By Deepi Brar, M.S., and Chris Woolston, M.S.
How fast is too fast?
You don't need a stopwatch to decide whether you have a problem with premature ejaculation. If you're reaching orgasm before you really want to, that's premature enough. That said, a definition from the International Society For Sexual Medicine notes that men who suffer from premature ejaculation "always or almost always" reach orgasm within about one minute of starting sex. If both you and your partner are happy with your sex life, it doesn't really matter if if takes one minute or 20. But just for the sake of information, the average time from arousal to ejaculation is usually around five to 10 minutes. If you aren't lasting long enough to keep you or your partner satisfied, its time to do something about it.
Does this happen a lot?
Premature ejaculation is a very common problem. According to some estimates, about 30 percent of American men currently have the complaint. Some men may not be aware they have a problem, though, because their partners are reluctant to talk about it. Usually, premature ejaculation (also called involuntary ejaculation) is a temporary condition among young, inexperienced men or people beginning a new relationship.
What causes it?
In most cases, premature ejaculation is caused by one of two things: excitement or anxiety. The first few times a young, inexperienced man has sex with a partner, he may have trouble controlling the way he responds -- it feels involuntary, like being on autopilot. Usually, practice makes perfect. He (and his partner) may also be afraid that what they're doing is wrong, or worried they'll get caught in the act, so the sex is often rushed and unsatisfying. In some cases, the problem doesn't go away over time. Climaxing quickly may begin during youth and then become an unconscious, physically ingrained habit that persists later in life.
If the problem crops up during adult years, it's probably due to anxiety (although the excitement factor can return if, for example, you're having sex after a long break or with a new partner). Any number of things can cause anxiety during sex, including wanting to avoid pregnancy, stress at work or in other areas of your life, and the fear that you may not be pleasing your partner. Premature ejaculation is rarely caused by physical disorders, but possible causes include multiple sclerosis, extreme sensitivity in the penis, injury to the nerves, and other neurological problems.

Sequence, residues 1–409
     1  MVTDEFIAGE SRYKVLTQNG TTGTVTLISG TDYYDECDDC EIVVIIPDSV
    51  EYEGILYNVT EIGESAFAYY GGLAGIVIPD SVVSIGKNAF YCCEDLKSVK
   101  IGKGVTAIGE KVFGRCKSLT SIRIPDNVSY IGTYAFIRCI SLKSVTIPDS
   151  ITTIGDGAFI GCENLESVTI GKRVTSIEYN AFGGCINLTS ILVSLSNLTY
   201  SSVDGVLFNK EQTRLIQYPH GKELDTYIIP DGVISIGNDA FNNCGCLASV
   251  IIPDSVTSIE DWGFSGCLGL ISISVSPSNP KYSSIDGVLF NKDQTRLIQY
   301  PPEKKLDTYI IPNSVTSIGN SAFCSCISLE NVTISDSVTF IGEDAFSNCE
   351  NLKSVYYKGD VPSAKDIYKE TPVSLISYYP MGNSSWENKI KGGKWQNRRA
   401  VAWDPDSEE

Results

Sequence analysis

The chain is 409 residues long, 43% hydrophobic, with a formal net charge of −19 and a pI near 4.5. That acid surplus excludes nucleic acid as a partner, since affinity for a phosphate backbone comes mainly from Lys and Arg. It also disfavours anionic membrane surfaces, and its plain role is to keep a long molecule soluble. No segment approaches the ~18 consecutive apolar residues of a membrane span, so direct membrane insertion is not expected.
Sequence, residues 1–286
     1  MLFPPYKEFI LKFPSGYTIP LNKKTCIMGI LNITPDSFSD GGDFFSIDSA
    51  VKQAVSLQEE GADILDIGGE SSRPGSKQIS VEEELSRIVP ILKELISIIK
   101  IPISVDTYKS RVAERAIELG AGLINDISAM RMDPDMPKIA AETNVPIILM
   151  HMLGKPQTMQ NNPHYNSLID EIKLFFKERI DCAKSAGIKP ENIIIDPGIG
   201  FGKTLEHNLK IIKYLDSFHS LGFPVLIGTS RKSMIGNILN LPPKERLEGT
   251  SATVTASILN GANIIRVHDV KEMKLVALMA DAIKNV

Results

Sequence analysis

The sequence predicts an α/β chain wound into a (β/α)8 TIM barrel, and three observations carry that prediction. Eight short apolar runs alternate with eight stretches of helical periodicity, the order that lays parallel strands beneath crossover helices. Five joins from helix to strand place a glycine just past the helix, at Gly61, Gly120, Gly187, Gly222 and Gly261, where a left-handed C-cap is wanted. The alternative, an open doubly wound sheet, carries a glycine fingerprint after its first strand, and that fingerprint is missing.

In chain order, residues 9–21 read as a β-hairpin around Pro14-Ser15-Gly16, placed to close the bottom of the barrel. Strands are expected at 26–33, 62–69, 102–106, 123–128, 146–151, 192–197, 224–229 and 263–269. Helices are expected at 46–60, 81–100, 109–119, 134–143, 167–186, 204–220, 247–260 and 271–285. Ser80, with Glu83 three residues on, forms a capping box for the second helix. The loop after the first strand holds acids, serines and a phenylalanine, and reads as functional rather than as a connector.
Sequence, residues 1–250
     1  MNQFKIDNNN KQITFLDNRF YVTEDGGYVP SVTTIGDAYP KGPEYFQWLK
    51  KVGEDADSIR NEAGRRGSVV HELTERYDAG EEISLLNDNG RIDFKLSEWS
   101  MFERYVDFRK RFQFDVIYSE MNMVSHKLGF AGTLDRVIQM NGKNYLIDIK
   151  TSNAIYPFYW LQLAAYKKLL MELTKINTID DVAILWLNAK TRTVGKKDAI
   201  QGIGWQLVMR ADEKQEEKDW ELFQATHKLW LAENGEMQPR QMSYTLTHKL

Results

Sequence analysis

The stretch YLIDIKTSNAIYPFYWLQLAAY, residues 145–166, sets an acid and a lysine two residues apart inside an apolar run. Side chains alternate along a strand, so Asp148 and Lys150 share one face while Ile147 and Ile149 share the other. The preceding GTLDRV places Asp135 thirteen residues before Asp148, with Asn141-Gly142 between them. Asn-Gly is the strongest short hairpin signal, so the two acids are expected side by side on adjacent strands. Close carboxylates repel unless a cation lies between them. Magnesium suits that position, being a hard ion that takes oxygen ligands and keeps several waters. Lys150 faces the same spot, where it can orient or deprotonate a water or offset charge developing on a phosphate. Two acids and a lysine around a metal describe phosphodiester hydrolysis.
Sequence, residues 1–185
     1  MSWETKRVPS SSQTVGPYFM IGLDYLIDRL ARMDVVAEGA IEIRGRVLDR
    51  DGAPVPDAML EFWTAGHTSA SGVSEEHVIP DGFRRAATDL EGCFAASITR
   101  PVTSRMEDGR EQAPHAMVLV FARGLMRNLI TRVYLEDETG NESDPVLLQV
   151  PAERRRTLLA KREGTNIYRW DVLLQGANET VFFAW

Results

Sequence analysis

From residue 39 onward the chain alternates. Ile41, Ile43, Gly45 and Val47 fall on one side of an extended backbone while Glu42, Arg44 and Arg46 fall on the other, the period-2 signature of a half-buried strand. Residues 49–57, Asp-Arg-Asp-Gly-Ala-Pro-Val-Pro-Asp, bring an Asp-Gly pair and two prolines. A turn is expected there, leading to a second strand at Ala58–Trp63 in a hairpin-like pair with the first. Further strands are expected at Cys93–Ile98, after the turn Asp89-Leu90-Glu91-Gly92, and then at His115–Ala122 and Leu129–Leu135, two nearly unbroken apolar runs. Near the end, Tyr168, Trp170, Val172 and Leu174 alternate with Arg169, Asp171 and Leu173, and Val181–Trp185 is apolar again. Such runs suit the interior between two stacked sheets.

What can I do if I want to last longer?
In general, try to become more aware of your body and how you respond during sex, from initial excitement, through the "plateau" when you're fully aroused, to the time you reach orgasm. Take deep breaths; this helps interrupt your stress response and forces you to relax. Also, try to be active with your whole body during sex -- using full-body caresses and nongenital touching -- instead of fixating on your penis.
Avoid drugs and alcohol. Although they can slow your response, they'll also keep you from developing the body awareness that will allow you to solve the problem permanently. Thinking about other things -- like football or your latest weekend project -- can be counterproductive too, for the same reason.
You can also try one of these tricks:
Most sex therapists agree that after several weeks of practice, one of these methods can help about 95 percent of men feel more in control and last longer.
What if none of these things helps?
Don't forget that you have other options for pleasing your partner. Most women (about 75 percent) have orgasms through clitoral stimulation. Fingers and toys are perfectly good substitutes in this case, as is oral sex; just ask her what she likes and keep trying until you hit on the right technique.
Since there usually isn't a physical cause for rapid ejaculation, try working on your master sex organ -- your brain. A few sessions with a sex therapist may be enough for you to learn how to deal with your anxieties and relax, often through guided imagery breathing exercises.
Try out various methods; usually one of these suggestions will be the solution. If you don't see any improvement in a few months, you may have a physical problem or a deeper emotional issue to work out. Your doctor or therapist may also recommend antidepressants -- one of their notorious side effects in both sexes is depressed libido and delayed orgasm.
Mayo Clinic. Premature ejaculation. 2009. http://www.mayoclinic.com/health/premature-ejaculation/DS00578
American Urological Association. AUA 2008: Definition of premature ejaculation ejaculation by International Society for Sexual Medicine. http://www.auanet.org/content/
Cleveland Clinic. Premature ejaculation. http://my.clevelandclinic.org/disorders/premature_ejaculation/urology_overview.aspx
Last Updated: March 11, 2013
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